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More about Nitrazepam

What is/are Nitrazepam?

Nitrazepam is a type of benzodiazepine drug and is marketed in English-speaking countries under the following brand names: Alodorm, Arem, Insoma, Mogadon, Nitrados, Nitrazadon, Nitrosun, Ormodon, Paxadorm, Remnos, and Somnite. It is a hypnotic drug used in the treatment of moderate to severe insomnia which has sedative and motor impairing properties, as well as anxiolytic, amnestic, anticonvulsant, and skeletal muscle relaxant properties. As with other benzodiazepines, tolerance, dependence, and withdrawal can occur, and there is a potential for drug abuse and overdose. Nitrazepam is not suitable for use in the elderly, children, pregnant women, or those with chronic obstructive pulmonary disease, and should be used with caution in individuals with comorbid psychiatric disorders or those who are driving or operating machinery. Nitrazepam is available in 5 mg and 10 mg tablets. In the Netherlands, Australia, Israel, and the United Kingdom it is only available in 5 mg tablets. In Denmark it is available as 2.5 mg and 5 mg tablets under the name Pacisyn.

Medical uses

itrazepam is used to treat short-term sleeping problems (insomnia), namely difficulty falling asleep, frequent awakening, early awakenings, or a combination of each.

Nitrazepam is sometimes used for refractory epilepsies. However, long term prophylactic treatment of epilepsy has considerable drawbacks. Most importantly the loss of antiepileptic effects due to tolerance which renders prolonged nitrazepam therapy ineffective. Nitrazepam also has the drawback of significant side effects such as sedation, which is why nitrazepam and benzodiazepines in general are only prescribed in the acute management of epilepsies. Nitrazepam has been found to be more effective than clonazepam in the treatment of West syndrome which is an age dependent epilepsy, affecting the very young. However, as with other epilepsies treated with benzodiazepines, long term therapy becomes ineffective with prolonged therapy and the side effects of hypotonia and drowsiness are troublesome with nitrazepam therapy, other antiepileptic agents are therefore recommended for long term therapy, possibly Corticotropin (ACTH) or vigabatrin. In uncontrolled studies nitrazepam has shown effectiveness in infantile spasms; nitrazepam is sometimes considered as a treatment option for this indication when other drugs fail to control infantile spasms.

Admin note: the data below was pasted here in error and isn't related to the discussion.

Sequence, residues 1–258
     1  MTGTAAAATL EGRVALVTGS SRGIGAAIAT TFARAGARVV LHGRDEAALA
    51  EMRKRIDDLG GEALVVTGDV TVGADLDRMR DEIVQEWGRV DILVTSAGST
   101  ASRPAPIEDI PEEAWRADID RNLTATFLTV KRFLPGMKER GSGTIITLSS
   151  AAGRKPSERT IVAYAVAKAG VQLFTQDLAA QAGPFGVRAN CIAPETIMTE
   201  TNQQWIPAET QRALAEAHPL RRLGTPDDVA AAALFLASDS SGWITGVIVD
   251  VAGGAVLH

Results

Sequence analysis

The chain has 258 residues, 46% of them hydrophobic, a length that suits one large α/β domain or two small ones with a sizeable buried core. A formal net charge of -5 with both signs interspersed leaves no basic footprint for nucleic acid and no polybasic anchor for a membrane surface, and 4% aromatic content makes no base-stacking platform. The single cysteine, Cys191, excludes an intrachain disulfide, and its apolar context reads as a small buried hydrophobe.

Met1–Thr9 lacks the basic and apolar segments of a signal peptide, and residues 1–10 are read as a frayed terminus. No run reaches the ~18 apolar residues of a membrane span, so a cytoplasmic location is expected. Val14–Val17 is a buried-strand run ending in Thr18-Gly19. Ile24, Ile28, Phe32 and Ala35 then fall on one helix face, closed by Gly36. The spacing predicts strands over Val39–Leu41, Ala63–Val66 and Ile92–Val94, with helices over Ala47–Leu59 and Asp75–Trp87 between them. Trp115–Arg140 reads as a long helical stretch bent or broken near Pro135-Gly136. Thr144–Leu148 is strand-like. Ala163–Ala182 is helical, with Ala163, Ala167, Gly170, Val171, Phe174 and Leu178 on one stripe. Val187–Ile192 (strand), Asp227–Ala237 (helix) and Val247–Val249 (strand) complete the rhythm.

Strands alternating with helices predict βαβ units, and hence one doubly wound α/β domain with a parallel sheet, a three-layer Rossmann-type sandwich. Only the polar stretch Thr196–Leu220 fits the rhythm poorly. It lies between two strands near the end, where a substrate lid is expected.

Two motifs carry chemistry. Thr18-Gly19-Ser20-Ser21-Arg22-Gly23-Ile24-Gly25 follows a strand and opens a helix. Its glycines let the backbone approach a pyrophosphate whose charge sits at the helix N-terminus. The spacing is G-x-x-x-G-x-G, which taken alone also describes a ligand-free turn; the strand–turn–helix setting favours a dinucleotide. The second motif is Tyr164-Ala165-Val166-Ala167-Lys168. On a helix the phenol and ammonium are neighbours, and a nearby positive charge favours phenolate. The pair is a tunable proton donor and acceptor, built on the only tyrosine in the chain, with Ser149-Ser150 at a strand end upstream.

Nitrazepam along with diazepam, oxazepam, and temazepam in 1993 represented 82% of the benzodiazepine market in Australia. The rate of benzodiazepine prescribing in Tasmania is higher than in other Australian states; according to one 1992 study, nitrazepam and flunitrazepam prescribing levels in Tasmania were disturbingly high. Prescribing of hypnotics in Norway is quite restrictive with only 3 hypnotics which are prescribable; nitrazepam, zolpidem and zopiclone. The usage of benzodiazepine hypnotics in local authority homes for the elderly in Edinburgh, 1982, established via a clinical survey, was that 34% of residents were taking sleeping medication. However, the number varied between the homes, with some homes reporting only 2.3% of residents to be on hypnotic medication and others up to 56.5% on hypnotic drugs. Nitrazepam was the most frequently prescribed hypnotic medication accounting for a third of hypnotic use in Edinburgh residential homes in 1982.

Adverse effects

Common side effects

Central nervous system depression including, somnolence, dizziness, depressed mood, rage, violence, fatigue, ataxia, headache, vertigo, impairment of memory, impairment of motor functions, hangover feeling in the morning, slurred speech, decreased physical performance, numbed emotions, reduced alertness, muscle weakness, double vision and inattention have been reported. Unpleasant dreams and rebound insomnia have also been reported. High levels of confusion, clumsiness also occurs after administration of nitrazepam. Increased reaction time, co-ordination problems and impaired learning and memory.